#1949 Book – Agatha Christie’s CROOKED HOUSE

CrookedHouseAgathaChristi23833_fIt is easy, these days, to think of the classic country house mystery as passé. Trite.  Derivative. But there was a time when this style of story was as fresh and popular as tales of domestic noir are today and the best proponents of the art form could enthrall and surprise even those readers who believed themselves experts in the genre. Agatha Christie penned dozens of variations on this theme but in CROOKED HOUSE, a novel she proclaims a personal favourite in her forward, she has outdone herself.

The setting is, of course, an English country house. When he first encounters Three Gables the book’s narrator, diplomat and son of the Assistant Commissioner of Scotland Yard, Charles Hayward describes it as

It was incredible!…it had a strange air of being distorted…a cottage swollen out all proportion. It was like looking at a country cottage through a gigantic magnifying-glass. The slant-wise beams, the half-timbering, the gables, it was a little croooked house that had grown like a mushroom in the night!…It was a Greek restauranteur’s idea of something English.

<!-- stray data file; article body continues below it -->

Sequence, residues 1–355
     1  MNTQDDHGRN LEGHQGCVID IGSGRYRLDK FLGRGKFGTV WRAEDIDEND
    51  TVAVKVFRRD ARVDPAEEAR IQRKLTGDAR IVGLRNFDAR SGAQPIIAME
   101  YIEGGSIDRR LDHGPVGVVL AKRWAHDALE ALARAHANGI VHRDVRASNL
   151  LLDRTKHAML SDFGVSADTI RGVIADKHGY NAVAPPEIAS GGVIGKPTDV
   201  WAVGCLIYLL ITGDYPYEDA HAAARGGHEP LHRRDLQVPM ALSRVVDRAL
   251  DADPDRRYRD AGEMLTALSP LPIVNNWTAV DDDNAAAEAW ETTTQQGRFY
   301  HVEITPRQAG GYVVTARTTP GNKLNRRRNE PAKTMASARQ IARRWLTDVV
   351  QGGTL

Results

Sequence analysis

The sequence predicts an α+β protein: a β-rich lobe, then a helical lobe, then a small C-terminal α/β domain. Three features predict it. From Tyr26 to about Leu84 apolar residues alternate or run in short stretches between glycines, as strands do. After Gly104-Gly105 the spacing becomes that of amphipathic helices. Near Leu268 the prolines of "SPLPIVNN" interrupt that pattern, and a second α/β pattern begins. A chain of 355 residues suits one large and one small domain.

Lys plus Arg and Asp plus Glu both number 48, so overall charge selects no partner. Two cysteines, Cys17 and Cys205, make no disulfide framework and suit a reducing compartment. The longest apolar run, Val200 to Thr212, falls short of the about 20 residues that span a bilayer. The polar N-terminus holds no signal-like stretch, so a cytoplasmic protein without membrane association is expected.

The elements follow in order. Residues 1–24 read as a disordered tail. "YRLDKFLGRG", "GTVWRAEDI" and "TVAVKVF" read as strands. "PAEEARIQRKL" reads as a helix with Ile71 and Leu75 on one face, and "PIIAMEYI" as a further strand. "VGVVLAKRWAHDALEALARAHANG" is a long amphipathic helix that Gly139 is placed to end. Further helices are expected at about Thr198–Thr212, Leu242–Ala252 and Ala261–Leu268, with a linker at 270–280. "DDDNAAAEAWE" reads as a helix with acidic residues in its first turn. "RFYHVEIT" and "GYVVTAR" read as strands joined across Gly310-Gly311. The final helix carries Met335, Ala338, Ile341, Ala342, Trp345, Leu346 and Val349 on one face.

Charles’ presence in the house is accepted easily as is the way of things in this type of story. I sometimes struggle to imagine any scenario of my own experience in which a virtual stranger would be given the kind of free reign that characters like Charles always receive when arriving on far-flung doorsteps but, as with all storytelling, you have to willingly suspend disbelief on at least some basic points. So, having ‘connections’ with the police and as the friend (and hopeful husband-to-be) of Sophia Leonides, whom he met in Egypt during the war, Charles is able to introduce the cast – or suspect pool if you prefer – to the reader in a surprisingly natural and believable way.